When writing code for WordPress, here are your best resources:
- The WordPress Codex. It’s not complete and lacks information on the newest functions, but it’s still the perfect starting point for everyone.
- The Plugins directory —If you are going to develop something, look for a similar plugin and improve it to satisfy your needs.
- The IRC channels — There are a few IRC channels where other developers can help you with more exotic your issues.
- The forums — Where you can talk about code 😉
- The mailing lists — Some of them are very active and can become addictive. Use at your own risk!
One of the greatest features of Free Software and Open Source is security, i.e. if you are the only one using a particular piece of code, you could have a security problem and not realize it until it’s too late. However, if your code is being used by many, they can help you in finding issues (and trust me, they will), much in the same way you sometimes find issues in their code. Also, if you are going to release your code to the world, there is a greater probability that you’ll look at it twice, before releasing.
Acknowledgement & Reputation
When a client of yours has a problem that can be solved with software, your job is usually to help him identify the problem and look for the right solution. If the solution doesn’t exist already, you will probably develop it for your client. What just happened? Your client is paying the time you need to code the solution. The code itself, however, should be free as it is itself based on Free Software. Why? Because everybody wins. The whole community will see and possibly use your code. It will notice, if you have included the information on the plugin’s credits, that your client is using it, that they’ve helped in its development. Because you are offering it back to the community that helped you to learn and develop it, they can improve it, helping you and your client to reach an even better solution. And finally, because it looks good on your portfolio. Good karma all-around.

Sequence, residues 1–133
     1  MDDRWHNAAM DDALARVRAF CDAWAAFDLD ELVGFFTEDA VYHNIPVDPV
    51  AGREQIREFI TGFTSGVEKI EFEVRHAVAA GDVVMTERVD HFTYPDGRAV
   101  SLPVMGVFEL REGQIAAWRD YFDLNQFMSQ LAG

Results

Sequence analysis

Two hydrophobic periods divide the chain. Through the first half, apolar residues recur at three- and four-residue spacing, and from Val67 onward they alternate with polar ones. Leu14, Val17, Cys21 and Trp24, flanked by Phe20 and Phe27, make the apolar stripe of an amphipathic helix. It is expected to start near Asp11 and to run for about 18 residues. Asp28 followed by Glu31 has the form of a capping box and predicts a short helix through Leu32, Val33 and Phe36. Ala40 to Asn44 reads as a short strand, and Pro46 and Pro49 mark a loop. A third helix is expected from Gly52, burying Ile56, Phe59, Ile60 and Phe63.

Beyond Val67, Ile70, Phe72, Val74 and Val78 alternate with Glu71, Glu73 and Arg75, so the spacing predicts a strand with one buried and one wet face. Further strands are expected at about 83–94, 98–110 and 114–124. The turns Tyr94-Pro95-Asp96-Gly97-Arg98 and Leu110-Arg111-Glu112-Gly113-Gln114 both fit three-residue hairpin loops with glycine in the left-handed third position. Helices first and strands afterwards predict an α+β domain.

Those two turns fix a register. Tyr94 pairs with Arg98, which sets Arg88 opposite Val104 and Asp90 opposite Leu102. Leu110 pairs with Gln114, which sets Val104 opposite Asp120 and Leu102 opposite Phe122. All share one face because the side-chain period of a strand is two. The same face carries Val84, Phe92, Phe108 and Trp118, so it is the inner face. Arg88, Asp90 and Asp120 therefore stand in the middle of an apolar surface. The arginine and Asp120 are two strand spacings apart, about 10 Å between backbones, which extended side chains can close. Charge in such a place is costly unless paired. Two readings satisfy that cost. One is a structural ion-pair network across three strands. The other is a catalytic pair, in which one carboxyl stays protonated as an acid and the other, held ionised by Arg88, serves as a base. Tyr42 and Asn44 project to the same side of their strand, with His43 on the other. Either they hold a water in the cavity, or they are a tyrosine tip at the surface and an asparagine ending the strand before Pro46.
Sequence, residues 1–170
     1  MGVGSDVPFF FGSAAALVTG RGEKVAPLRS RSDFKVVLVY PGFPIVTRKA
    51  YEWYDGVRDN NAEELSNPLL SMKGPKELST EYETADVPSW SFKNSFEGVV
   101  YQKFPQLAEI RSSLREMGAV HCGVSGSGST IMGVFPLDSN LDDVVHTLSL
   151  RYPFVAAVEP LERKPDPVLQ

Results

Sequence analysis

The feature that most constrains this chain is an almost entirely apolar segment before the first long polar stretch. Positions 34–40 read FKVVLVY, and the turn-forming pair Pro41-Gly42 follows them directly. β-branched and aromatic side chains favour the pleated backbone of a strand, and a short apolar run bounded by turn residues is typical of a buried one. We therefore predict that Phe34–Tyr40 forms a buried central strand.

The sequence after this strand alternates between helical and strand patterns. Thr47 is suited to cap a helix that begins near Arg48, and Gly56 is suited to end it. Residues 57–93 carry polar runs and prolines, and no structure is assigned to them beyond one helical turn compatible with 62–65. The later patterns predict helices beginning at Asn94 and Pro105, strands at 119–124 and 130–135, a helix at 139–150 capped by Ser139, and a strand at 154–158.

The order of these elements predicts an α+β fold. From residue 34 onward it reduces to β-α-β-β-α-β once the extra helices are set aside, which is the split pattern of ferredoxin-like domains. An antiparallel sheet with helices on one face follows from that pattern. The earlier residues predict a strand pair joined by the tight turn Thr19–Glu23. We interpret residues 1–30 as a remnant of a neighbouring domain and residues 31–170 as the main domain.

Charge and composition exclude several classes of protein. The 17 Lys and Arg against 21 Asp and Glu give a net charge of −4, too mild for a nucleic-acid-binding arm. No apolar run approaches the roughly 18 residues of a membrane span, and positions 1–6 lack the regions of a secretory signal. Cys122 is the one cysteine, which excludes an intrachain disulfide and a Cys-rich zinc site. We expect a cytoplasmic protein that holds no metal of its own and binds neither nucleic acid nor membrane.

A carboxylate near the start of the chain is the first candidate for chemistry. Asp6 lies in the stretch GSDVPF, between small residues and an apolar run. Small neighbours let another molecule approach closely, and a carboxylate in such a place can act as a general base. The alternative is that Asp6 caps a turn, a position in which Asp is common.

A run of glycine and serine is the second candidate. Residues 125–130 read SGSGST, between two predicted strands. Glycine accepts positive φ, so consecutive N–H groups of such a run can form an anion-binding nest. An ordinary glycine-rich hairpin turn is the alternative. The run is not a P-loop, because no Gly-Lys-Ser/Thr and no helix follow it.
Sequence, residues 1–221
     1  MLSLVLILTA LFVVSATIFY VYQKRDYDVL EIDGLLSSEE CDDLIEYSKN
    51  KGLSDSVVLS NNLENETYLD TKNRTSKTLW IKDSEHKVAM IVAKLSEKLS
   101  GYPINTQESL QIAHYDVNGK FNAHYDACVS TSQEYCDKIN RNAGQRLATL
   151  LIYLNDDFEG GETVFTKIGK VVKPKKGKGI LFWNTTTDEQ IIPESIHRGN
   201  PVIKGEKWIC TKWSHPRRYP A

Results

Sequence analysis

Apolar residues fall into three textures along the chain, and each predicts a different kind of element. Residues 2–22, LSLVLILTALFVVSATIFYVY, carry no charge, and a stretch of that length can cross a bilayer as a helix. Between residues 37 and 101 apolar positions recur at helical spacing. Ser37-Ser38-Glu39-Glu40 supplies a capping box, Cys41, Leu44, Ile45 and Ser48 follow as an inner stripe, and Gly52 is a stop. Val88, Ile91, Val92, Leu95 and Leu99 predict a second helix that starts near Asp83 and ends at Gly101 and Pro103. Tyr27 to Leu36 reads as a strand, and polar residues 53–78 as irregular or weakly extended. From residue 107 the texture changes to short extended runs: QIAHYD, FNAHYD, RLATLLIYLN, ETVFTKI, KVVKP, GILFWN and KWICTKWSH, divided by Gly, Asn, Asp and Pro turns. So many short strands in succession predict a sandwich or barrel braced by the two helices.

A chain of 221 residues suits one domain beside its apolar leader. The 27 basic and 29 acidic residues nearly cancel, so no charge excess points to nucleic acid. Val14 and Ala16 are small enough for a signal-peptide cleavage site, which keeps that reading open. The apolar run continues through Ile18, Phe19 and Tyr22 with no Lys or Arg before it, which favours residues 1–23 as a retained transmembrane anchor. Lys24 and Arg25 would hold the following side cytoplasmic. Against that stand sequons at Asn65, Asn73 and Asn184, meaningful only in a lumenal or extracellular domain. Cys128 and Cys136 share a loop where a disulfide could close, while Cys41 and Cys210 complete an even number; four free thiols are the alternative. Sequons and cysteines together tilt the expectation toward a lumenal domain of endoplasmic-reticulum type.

The three R’s
You already know the three R’s. They are not only for glass and plastics. You can use them for software, too.
Always reduce your code. Optimize it. If you are going to publish it, try to reduce the code, and make it as simple as possible. If you don’t do it, someone will do for you. In my first commit to WordPress core I made a 20+ line snippet of code to solve an issue. Two days later, filosofo changed it to a 7-line patch, covering all the possible issues, and not only mine. This is how community collaboration works ;).
If you are going to reuse a piece of code, the best way to do it is to have your plugin in the WordPress repository. You will then only need to access your plugins’ area, search for yours, install and activate it. There’s is a double benefit in this, of course; if you improve or change your code, you can easily update it in all your installations.
Yes, recycle. It’s Free Software. Use other people’s work as a starting point for your own. Take pieces of code. Read them. Learn from them. And please, always acknowledge the work of others. They will acknowledge yours :).
How do you see it? Is there a compelling reason to not use a plugin and add your code to
functions.php instead? Let me know in the comments, below.
There’s no reason to not turn a snippet into a plugin. Heck, you can create a new plugin right on your development site quite easily. There’s a plugin just for that. 🙂
Rafael Poveda says
There are some people that we still need to convince. I hope it will be enough 🙂
BTW, thanks for Pluginception. It’s really cool 🙂